Selina announced that we can take a shortcut and head down to the farmers market or go to the forest (another 20 minutes added to the walk). Since no one opted out, I couldn’t embarrass myself by taking the shortcut.

We were led up another incline. Everything became greener and we were suddenly in what appeared to be a rain forest. Huge draping trees were overhead while we were mostly in shadows. The only thing missing were drops of water dripping from the trees.

Selina led us to a clearing where we were rewarded with an incredible view of the church, the town and the river. It was definitely a “Kodak photo spot” without the sign being needed.

After making our way downhill, we entered the farmers market. The fruits and vegetables were colorful, blemish free and the type you generally see in professional photographs.

In addition to the fruits and vegetables, there were seafood and cheese merchants. A person was cleaning out a huge paella pan and they had paella in containers for sale. A functioning rotisserie had whole chickens available.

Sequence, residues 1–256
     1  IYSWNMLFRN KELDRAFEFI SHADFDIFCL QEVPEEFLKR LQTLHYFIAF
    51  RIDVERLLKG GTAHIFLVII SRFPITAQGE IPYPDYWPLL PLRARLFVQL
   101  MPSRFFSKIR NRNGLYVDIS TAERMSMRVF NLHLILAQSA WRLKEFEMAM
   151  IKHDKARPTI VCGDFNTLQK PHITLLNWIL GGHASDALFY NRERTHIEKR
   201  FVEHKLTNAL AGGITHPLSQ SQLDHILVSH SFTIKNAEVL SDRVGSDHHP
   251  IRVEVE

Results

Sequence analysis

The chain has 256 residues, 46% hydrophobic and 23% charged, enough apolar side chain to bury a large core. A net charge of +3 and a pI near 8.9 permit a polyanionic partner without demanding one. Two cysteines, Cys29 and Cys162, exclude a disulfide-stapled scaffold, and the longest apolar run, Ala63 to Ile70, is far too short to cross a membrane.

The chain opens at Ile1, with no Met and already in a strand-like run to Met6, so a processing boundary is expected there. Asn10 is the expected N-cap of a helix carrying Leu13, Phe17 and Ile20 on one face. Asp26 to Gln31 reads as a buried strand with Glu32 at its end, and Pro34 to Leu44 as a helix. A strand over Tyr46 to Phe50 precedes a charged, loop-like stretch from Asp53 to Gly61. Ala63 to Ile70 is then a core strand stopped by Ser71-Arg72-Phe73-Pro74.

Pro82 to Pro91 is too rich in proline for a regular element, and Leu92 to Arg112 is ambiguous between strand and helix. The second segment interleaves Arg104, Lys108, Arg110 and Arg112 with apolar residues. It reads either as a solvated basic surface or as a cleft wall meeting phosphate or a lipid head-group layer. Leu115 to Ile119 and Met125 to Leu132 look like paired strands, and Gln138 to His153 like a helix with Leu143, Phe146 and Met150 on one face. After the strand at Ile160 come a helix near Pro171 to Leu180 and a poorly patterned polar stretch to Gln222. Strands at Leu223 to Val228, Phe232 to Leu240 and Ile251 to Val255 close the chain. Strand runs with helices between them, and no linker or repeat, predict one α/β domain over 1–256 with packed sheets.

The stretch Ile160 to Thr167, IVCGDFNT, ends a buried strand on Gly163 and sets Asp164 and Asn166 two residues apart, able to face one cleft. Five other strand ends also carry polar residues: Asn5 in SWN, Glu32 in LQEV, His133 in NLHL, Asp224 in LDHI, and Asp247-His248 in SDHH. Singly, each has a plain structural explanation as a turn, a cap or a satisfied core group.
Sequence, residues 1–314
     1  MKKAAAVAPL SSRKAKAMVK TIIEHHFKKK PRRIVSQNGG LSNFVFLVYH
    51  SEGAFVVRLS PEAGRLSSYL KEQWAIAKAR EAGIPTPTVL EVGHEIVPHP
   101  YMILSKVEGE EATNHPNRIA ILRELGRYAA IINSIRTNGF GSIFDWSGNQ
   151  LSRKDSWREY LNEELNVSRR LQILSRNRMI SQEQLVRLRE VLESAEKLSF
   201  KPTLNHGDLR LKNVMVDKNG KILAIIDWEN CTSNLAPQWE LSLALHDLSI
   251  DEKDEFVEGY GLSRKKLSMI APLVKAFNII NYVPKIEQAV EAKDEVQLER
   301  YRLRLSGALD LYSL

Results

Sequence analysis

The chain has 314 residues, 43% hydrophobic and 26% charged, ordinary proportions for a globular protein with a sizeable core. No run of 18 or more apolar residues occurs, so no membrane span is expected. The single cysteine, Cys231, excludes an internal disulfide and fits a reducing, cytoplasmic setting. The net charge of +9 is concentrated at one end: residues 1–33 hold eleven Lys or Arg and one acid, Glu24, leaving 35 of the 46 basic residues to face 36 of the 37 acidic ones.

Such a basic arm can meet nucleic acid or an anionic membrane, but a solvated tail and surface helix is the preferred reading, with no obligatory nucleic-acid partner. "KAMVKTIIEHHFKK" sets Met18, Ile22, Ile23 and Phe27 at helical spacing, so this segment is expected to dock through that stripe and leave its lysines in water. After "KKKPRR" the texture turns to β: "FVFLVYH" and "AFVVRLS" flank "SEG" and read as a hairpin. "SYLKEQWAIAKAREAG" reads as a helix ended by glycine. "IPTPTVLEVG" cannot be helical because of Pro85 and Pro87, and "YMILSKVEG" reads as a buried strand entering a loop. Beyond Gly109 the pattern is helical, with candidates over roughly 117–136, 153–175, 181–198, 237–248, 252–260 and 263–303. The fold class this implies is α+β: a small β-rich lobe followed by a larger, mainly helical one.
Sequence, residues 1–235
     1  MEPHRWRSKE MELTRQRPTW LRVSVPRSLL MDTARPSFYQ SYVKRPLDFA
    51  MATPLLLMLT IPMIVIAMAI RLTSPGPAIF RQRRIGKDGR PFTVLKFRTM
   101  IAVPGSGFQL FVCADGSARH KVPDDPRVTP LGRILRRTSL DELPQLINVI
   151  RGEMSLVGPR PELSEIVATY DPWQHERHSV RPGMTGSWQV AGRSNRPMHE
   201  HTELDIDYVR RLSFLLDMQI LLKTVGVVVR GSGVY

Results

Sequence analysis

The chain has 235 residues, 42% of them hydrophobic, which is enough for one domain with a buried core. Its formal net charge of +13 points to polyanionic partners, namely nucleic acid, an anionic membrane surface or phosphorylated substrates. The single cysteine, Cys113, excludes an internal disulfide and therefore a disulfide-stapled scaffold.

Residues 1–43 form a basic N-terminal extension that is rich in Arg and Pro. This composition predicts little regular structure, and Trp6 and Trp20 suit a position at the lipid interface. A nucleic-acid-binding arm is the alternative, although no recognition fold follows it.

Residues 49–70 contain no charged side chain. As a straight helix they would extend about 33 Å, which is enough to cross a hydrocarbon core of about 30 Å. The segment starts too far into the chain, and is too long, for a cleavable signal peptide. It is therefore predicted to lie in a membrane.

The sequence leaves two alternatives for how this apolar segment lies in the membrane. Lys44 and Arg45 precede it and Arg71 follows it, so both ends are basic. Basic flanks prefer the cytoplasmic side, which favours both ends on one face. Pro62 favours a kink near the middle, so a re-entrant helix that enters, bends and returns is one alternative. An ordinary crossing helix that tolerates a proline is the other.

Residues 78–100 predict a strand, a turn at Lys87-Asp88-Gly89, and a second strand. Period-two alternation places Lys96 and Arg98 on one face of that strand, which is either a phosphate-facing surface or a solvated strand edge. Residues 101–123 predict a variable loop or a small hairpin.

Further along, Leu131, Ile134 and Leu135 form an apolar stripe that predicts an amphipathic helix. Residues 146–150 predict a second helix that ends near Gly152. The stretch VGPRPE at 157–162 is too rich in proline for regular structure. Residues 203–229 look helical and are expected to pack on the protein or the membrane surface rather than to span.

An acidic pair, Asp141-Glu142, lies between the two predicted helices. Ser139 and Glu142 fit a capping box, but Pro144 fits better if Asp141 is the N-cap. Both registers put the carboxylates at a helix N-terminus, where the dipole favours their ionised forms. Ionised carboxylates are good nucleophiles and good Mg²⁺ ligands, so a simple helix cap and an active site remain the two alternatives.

Since our afternoon excursion was leaving at 1:00 p.m., I opted to play it safe by eating lunch on the ship.

 

 

Day 4 – Vernon France

Our cruise director took us into the town of Vernon. This was a precursor to the afternoon Giverny gardens tour. This area was first built in the 11th century using Gothic style architecture.

Nearby is the Church Collégiale Notre-Dame de Vernon. This was built between the 11th and 16th centuries with gothic style rose and stained-glass windows. Some of the windows were replaced after the World War II bombing raids.

As we made our way around the eastern edge of town we saw the impressive Tour des Archives. This is a round tower built in the 12th century. It was interesting to me that there are people living in these 16th century buildings.

Amazing selection of fresh seafood and shellfish
This charcuterie had many seafood specialities like this one and about 20 different salads.

We went window shopping and ogled the amazing desserts and food displayed. It quickly reminded me how passionate the French are about food quality and preparation.

Since I was intent on eating local food, we stopped at one of the bakeries – Boulangerie Rose. I selected a baguette filled with ham, cheese, lettuce and tomato. My wife chose a ham and gruyere panini. Of course, I had to get some fresh croissants!

We brought our goodies to the ship’s dining room and enjoyed them with a glass of chardonnay. Fortunately, the staff wasn’t offended that we brought food from the outside into their dining room. In fact, he commented that the bread baked on-board is delicious, but he really likes fresh baguettes from the local bakers.